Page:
| Oct 23, 2012
| 12:14 PM
During this election cycle, it is increasingly popular in some circles to condemn government as wasteful, inefficient and incompetent. While there are thousands of federal, state and local government programs, each with its own index of success or...
| May 16, 2012
| 6:19 PM
The number of young children deemed at risk of lead poisoning in Maryland and nationwide expanded drastically Wednesday as a federal health agency declared it would effectively cut in half its threshold for diagnosing the environmental illness....
| May 17, 2012
| 4:02 AM
Today's forecast calls for sunny and breezy conditions, with a high temperature near 75 degrees. Tonight is expected to be clear, with a low temperature around 54 degrees.
Check our traffic updates for this morning's issues as you...
| May 20, 2012
The reports that the Centers for Disease Control and Prevention cut its threshold for lead poisoning from 10 micrograms per deciliter to 5 micrograms were something of a simplification. What the CDC said, after years of study and discussion, was that no...
| Aug 29, 2012
| 5:05 AM
Baltimore's former health commissioner has come out with a way that just might get regular people to care about public policy -- he mixes in a heavy dose of "The Wire."
Dr. Peter Beilenson, who's now Howard County's chief health officer has written a...
| Sep 11, 2012
| 3:47 PM
State health officials are seeking the public's advice on how to deal with new federal guidelines expanding the number of young children deemed at risk of harm from low-level lead exposure. The Maryland Department of Health and Mental Hygiene is...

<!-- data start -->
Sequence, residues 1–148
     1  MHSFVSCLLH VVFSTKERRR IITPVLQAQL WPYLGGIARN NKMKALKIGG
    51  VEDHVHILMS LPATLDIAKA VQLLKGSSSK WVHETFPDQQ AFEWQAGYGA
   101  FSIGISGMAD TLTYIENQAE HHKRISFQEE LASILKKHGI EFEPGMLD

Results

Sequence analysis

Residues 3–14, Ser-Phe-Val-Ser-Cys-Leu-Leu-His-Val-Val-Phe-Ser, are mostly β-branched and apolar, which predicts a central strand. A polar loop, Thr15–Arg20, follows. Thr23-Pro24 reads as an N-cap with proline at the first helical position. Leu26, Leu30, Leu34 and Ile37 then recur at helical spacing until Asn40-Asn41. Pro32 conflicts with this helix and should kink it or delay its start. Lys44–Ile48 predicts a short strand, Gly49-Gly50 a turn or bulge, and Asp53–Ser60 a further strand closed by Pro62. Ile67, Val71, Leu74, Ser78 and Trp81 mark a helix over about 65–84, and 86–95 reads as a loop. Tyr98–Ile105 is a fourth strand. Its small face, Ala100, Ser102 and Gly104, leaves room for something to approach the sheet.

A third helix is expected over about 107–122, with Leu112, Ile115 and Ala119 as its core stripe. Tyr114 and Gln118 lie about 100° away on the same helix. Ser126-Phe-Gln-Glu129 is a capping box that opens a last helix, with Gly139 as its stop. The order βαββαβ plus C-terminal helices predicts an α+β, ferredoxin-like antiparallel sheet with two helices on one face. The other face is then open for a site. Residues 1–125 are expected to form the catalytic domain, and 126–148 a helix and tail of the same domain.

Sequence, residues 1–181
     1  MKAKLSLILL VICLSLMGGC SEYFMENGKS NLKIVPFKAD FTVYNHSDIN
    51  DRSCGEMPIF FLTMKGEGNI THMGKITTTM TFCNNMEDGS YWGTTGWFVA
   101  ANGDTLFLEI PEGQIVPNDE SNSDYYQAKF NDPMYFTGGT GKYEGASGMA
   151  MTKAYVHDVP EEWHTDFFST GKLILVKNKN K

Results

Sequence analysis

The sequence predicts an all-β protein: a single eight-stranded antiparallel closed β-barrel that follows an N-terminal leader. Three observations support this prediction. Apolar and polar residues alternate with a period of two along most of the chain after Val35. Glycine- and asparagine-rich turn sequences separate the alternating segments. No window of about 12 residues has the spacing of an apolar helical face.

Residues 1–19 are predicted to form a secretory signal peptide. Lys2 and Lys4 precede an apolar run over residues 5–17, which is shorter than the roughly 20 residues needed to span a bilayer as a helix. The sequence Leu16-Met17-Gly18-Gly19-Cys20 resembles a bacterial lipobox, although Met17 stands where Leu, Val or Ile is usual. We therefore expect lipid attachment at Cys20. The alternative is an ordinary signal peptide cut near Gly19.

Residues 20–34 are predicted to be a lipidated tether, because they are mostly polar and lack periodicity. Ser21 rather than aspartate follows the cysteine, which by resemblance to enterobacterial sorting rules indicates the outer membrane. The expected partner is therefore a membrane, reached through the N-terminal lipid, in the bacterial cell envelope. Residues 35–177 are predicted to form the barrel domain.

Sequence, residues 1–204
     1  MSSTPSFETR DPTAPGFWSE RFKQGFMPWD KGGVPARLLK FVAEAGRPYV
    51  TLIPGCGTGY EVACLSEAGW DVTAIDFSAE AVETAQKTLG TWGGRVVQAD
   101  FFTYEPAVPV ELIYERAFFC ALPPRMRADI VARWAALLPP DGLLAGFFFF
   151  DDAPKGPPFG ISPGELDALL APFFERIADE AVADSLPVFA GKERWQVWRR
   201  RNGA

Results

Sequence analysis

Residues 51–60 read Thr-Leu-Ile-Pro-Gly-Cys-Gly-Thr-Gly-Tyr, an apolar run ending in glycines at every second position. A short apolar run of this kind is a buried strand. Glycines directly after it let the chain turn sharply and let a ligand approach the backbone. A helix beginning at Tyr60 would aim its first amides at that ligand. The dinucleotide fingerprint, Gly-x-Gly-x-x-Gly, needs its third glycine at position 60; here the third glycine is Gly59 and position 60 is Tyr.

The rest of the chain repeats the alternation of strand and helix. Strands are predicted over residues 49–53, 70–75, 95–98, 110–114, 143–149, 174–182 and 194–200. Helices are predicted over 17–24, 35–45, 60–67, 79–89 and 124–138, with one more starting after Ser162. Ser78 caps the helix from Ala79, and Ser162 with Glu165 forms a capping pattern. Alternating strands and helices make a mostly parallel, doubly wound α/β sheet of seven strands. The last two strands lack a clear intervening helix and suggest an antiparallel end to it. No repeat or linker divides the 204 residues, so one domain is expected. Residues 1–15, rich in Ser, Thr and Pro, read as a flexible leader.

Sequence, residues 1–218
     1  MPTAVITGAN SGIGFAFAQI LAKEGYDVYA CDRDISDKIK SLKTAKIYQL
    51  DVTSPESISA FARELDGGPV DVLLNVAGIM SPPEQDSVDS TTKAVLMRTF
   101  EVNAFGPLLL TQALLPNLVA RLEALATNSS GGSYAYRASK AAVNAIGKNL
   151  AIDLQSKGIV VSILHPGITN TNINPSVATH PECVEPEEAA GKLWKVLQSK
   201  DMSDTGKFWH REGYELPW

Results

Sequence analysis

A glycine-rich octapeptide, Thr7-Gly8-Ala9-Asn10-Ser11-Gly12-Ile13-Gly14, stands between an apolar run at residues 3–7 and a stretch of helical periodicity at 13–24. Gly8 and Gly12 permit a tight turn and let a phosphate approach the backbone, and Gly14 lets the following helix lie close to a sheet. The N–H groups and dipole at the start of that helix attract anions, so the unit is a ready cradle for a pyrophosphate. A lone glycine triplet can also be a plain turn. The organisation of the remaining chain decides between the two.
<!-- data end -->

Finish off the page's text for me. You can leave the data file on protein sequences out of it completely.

| Jun 6, 2012
| 5:16 PM
A Baltimore landlord with a long history of violating lead-paint poisoning laws was sentenced Wednesday to a year and a day in prison by a federal judge, who called the now-bankrupt businessman a "scofflaw."
Cephus Murrell, 69, of Catonsville sat...
| Jul 13, 2012
| 2:40 PM
Despite dramatic progress in reducing Americans' exposure to lead over the past 25 years, a growing body of research finds that children and adults still face health risks from even very low levels of the toxic metal in their blood.
A recent government...
| Jun 23, 2012
| 6:15 PM
If you ever thought writing a book was tough, just consider the pain of marketing it. One example: the 66-city tour by Loyola University Maryland writing professor Ron Tanner in a beat-up van -- a voyage that has included savage mosquitos, a busted toilet...
| Sep 12, 2012
| 1:26 PM
Dreamed of being a doctor but never made it to medical school?
Well, now you have a chance to at least study like one.
The University of Medicine School of Medicine will tonight launch the 12th year of its Mini Med School, a series for free courses that...
| Sep 28, 2012
| 5:21 PM
Annapolis lobbyist Bruce C. Bereano has been fined $13,000 by the Maryland Department of the Environment for allegedly violating state lead-paint regulations on two properties he owns in the capital. But Bereano disputes the state's charges, saying the...
| Jan 1, 2013
| 5:28 PM
The first winter after Danielle Smith bought her house in North Baltimore, the 35-year-old schoolteacher wondered if it even had a furnace, it was so cold and drafty.
Now, with almost all new windows and several other energy-efficiency retrofits, Smith...